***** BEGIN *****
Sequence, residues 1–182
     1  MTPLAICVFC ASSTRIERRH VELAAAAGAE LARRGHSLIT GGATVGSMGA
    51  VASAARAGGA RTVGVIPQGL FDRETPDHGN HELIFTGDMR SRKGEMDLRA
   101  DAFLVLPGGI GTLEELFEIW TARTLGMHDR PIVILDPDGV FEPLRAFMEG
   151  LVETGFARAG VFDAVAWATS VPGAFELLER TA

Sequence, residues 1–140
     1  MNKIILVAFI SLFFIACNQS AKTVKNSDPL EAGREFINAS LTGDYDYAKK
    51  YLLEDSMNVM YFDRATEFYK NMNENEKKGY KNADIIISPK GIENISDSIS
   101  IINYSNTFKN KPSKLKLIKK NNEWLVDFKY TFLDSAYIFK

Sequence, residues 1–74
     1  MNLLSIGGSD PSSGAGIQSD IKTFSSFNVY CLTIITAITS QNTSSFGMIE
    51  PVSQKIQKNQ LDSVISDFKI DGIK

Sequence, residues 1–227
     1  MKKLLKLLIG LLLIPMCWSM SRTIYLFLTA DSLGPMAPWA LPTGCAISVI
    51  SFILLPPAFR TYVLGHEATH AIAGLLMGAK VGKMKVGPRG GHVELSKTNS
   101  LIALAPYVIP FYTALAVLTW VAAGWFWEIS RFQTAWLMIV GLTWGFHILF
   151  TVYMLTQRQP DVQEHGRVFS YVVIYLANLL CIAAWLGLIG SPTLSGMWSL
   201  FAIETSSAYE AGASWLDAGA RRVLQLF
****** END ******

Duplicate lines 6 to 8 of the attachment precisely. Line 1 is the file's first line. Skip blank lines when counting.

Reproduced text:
Sequence, residues 1–140
     1  MNKIILVAFI SLFFIACNQS AKTVKNSDPL EAGREFINAS LTGDYDYAKK
    51  YLLEDSMNVM YFDRATEFYK NMNENEKKGY KNADIIISPK GIENISDSIS